This has already been the roughest winter we have experienced in 10 years of mountain living, and it has only begun. When we lose power we also lose water. And this time we also lost the land phone. We have 3 weeks of stored drinking and flushing water, 3-6 months of food stored and a propane camping stove. So we were able to have plenty of hot coffee and cooked food. Since we will not always have the option to leave the mountain, and since packing up the birds and leaving is a stress in and of itself, we have decided to invest in a reasonably priced generator and keep a small amount of gasoline on hand. It will make me feel better to have this additional option.
All this to say that unexpected weather and loss of power can and does happen. Acclimation is my number 1 mantra, in conjunction with preparation for the worse. I couldn't be more proud of how the birds never missed a beat. My dog was colder than them, and I am presently knitting him a sweater since he was quite chilled during the process and slept in the bed under the covers with me for the first time.
Have a plan, have two plans and even 3 plans. I have additional back up plans for producing heat even if the generator were to fail or the gasoline were to run out. We have a heater that can be powered by hooking it to a car battery. Plan, plan, plan - and stay warm everyone. Presently we sit at 10 degrees with a 15 mph wind... brrrr!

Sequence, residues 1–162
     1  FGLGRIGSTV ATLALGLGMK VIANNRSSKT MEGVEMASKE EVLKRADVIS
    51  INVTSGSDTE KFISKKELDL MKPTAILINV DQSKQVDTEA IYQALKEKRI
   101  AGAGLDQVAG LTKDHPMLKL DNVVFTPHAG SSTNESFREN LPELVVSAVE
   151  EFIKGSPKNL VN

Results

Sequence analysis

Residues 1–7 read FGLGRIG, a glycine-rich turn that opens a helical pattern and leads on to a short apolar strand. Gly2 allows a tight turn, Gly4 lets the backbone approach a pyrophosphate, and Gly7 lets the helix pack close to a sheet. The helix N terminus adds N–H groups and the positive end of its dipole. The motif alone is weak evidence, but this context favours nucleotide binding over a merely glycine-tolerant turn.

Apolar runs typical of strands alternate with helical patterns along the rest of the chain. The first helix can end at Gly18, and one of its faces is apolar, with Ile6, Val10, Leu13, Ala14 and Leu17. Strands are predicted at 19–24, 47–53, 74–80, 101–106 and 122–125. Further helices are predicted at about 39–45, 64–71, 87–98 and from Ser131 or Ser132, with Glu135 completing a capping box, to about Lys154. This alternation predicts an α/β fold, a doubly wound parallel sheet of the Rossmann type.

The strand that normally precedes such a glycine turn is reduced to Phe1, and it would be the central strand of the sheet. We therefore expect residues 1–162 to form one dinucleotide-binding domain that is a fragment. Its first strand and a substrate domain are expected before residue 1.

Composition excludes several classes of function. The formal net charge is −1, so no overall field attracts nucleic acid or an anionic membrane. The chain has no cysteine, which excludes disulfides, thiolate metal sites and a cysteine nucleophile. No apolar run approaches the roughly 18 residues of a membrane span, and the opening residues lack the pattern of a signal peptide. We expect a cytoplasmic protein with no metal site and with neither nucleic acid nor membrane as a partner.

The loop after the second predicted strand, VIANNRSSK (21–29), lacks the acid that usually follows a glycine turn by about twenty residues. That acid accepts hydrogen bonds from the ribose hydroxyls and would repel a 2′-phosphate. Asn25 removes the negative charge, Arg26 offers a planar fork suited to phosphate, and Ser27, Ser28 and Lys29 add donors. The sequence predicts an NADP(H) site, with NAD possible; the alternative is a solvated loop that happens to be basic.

This is why I have only fans in the house where the birds are and a small heater for winter. I would really be worried about my birds in summer if they were used to air conditioning and we lost power. I also hear over here so often why has my bird died. In winter they have them inside in a lovely warm house and at night time they move them to the bathroom, laundry or garage and wonder why the poor birds have died. From a lovely warm house to one of the 3 coldest places in a house. My outside birds get a chance to acclimatize to the changes in weather slowly and not in a big rush.
That's a good plan if you live in the mountain. My plan if the power goes out is to close the bird room door to conserve heat in that room, and to cover the cage. But I live in St. John's which is pretty well equipped to deal with power outages, considering the potential for sudden gales or snow storms here. I've never known the power to go out for more than two or three hours, even in years when there have been record amounts of snowfall.
The bird room is also the only room in the house with a battery powered wall light (besides the flashlights we have lying around). We have candles too but obviously we can't use those near the birds.
My biggest concern is for my fish. My budgies I could probably keep warm with my body heat if it was absolutely necessary, but my poor Betta fish lives in a tank and would be without his underwater heater if the power went out for very long.
It is a good idea to have a plan!
"The bird of paradise alights only upon the hand that does not grasp." ~ John Berry
Thank you, Robin, yes, it's very informative and clear.
My birds are doing well outdoors (South Texas, with a heat lamp in the cage). My friends keep chastizing me, but the birds are proving they are fine. This week it's going to fall below freezing (down to 24*F), and I intend to keep them outdoors - with the heater, and covered with blankets to hold the heat in.
I agree with Robin - much has to do with acclimation. And, for outdoor birds, protection from wind and drafts.